Images and Cultures of Law in Early Modern England: Justice and Political Power, 1558-1660by Paul Raffield, Raffield Paul
Raffield (constitutional law and legal history, Birkbeck College, U. of London) works thematically through the development of the secular legal profession from 1558 to 1660, including the emergence of its powerful oratory and narrative, the elaboration of its other oral traditions such as communal dining, its transition to text and symbol, its elements of theater, its… See more details below
Raffield (constitutional law and legal history, Birkbeck College, U. of London) works thematically through the development of the secular legal profession from 1558 to 1660, including the emergence of its powerful oratory and narrative, the elaboration of its other oral traditions such as communal dining, its transition to text and symbol, its elements of theater, its relationship to the English state, and its fates under Charles I (in which the Inns of Court declined in their independence and influence), in the unsettled period in which the nation seemed to rule itself by means of pamphlet, and during the Interregnum. One of Raffield's most interesting observations is that Commons developed from a simple meal and Holy Communion to become an ideal society governed by the perfect reason of common law. Annotation ©2006 Book News, Inc., Portland, OR
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Cambridge University Press
0521827396 - Images and Cultures of Law in Early Modern England - Justice and Political Power, 1558-1660 - by Paul Raffield
A mile downstream from Westminster, in the enclosed environs of the Inns of Court, the English legal profession of the sixteenth and early seventeenth centuries created a commonwealth of lawyers. The content of its constitution was founded on a code of manners, integrating the moral and ethical precepts of Judaeo-Christian theology and Neoplatonic humanism. The self-governing legal community gave physical expression to a Utopian ideal: an autonomous state governed by the equitable principles of common law ideology. The physical structure of the Inns and the institutional existence of their members provided a microcosm of the ideal English state, in which the ethical subject of law was acknowledged as a constitutional entity and the embryonic social contract between subject and ruler was nourished and enhanced. The legal community represented and articulated this unprecedented relationship, and through the regulation of its quotidian existence delineated the rights, obligations and restrictions that attached to it.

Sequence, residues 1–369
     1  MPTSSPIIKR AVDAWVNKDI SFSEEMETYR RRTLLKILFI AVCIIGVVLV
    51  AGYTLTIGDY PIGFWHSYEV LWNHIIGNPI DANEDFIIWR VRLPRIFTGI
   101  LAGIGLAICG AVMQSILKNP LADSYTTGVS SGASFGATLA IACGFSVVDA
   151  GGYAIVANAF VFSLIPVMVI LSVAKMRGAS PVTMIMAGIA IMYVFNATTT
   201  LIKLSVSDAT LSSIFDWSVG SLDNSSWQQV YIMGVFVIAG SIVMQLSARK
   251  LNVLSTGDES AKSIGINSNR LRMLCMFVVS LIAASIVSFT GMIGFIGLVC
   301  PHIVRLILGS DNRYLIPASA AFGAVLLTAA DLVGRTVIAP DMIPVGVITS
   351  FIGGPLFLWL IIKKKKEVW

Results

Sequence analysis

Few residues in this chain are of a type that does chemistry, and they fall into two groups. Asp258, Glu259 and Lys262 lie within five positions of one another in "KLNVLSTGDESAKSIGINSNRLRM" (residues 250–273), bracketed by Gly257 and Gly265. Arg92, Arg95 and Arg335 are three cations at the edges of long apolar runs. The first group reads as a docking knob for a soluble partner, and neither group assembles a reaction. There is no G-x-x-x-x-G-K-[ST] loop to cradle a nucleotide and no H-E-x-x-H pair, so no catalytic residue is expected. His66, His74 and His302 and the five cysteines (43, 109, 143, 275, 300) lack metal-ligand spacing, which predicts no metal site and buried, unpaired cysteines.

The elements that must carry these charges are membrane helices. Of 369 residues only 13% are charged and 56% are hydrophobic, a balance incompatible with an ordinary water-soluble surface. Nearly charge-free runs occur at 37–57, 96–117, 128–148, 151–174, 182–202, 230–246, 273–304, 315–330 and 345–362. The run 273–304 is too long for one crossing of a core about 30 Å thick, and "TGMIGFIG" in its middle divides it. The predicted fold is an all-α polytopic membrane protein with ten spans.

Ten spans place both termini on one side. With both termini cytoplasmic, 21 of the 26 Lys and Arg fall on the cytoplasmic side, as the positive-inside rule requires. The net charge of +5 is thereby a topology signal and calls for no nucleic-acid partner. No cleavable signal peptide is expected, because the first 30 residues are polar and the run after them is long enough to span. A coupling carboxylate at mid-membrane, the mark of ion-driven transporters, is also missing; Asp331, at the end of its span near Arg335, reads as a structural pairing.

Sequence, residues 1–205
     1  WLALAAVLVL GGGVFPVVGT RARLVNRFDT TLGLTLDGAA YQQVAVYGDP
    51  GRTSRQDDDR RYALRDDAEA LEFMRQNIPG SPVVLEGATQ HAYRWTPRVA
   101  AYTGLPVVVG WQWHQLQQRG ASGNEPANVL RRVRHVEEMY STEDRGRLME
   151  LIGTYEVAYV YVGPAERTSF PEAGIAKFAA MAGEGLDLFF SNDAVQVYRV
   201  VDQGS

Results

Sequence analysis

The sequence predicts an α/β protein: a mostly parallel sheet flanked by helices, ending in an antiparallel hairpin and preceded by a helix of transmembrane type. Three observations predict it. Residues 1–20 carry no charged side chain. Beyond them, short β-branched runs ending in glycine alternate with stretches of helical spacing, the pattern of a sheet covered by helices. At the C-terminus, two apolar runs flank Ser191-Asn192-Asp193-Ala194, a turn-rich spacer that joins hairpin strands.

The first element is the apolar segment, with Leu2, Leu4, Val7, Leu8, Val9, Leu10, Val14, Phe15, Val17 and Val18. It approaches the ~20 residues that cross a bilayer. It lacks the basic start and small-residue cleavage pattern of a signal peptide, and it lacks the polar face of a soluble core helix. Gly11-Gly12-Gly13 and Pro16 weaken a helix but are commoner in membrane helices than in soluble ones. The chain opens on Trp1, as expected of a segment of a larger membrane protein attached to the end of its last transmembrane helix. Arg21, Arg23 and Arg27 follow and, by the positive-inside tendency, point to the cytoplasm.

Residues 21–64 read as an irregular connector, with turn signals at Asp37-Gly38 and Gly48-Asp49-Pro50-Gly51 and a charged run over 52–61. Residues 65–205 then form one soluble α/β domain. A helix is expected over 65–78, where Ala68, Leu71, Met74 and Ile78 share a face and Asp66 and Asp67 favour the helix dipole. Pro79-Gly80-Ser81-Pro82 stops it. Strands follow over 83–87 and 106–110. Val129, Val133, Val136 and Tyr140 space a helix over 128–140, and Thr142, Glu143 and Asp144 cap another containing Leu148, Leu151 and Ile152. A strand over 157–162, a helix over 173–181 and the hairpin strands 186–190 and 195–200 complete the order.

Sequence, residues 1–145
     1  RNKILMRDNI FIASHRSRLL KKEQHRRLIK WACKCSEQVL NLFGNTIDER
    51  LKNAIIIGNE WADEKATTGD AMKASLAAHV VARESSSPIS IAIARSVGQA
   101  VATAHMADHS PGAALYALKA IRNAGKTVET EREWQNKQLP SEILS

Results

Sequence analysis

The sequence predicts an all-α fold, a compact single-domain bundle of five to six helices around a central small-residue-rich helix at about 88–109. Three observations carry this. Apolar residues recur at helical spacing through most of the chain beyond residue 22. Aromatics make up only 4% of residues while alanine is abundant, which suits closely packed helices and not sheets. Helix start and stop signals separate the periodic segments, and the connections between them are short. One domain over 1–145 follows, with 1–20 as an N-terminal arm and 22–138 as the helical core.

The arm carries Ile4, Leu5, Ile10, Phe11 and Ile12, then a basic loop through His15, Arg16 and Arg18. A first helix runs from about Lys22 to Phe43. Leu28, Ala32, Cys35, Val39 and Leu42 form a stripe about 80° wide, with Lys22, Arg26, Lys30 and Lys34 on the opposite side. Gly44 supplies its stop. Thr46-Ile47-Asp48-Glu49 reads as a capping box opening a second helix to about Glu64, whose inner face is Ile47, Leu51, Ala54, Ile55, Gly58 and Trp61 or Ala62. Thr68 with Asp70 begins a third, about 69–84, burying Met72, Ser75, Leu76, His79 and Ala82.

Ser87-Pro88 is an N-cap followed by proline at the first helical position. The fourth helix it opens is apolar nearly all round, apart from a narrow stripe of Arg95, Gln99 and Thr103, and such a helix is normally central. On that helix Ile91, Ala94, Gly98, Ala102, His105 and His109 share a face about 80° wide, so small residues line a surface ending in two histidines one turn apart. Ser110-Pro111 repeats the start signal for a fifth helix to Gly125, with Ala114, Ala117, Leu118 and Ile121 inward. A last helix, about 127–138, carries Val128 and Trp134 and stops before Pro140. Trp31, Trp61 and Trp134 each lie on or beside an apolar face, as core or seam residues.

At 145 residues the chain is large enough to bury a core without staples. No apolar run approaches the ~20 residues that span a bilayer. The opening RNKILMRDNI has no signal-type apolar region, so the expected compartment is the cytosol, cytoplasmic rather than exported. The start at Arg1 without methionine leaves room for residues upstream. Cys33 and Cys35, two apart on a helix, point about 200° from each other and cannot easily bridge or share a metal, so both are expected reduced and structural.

In jurisprudential terms, the principal achievement of the Henrician Reformation was to establish the primacy and sovereignty of a secular legal system, albeit one strongly informed by its religious inheritance. Common lawyers demarcated the boundaries of jurisdiction between ecclesiastical and common law, but it is evident that the English legal system derived most of its traditions from the laws and customs of the Roman Church. As the authority of crown and church became coextensive during the reign of Henry Ⅷ, following the Act of Supremacy, so common law acquired much of the jurisdiction previously associated with ecclesiastical law. A principal argument of this book is that through the various signs of its legitimacy and sovereignty the English constitution was consciously developed to represent the indivisibility of divine law and common law within a classically ordered cosmos.1 Although common lawyers and jurists of the early modern period argued that the English legal system represented the coalescence of divine law, human reason and natural law,2 the constitution was characterised principally by its unwritten nature, unfettered by formal constraints. In such a system, willing subjection by the individual to the authority of law is determined by the perceived legitimacy of the legal institution. Unblemished institutional provenance is therefore a crucial indication of lawful authority. The absence of textual codification necessitates that the legitimacy of the legal institution, and of the constitution that it embodies, is established with reference to a system of representations and visual signs. This system can be described broadly as the aesthetics of law: the idea that governmentality expresses the 'art' of law.3 It is an art in which the perception of the image or sign is manipulated so that the subject of law attaches itself willingly to the authority of the legal institution.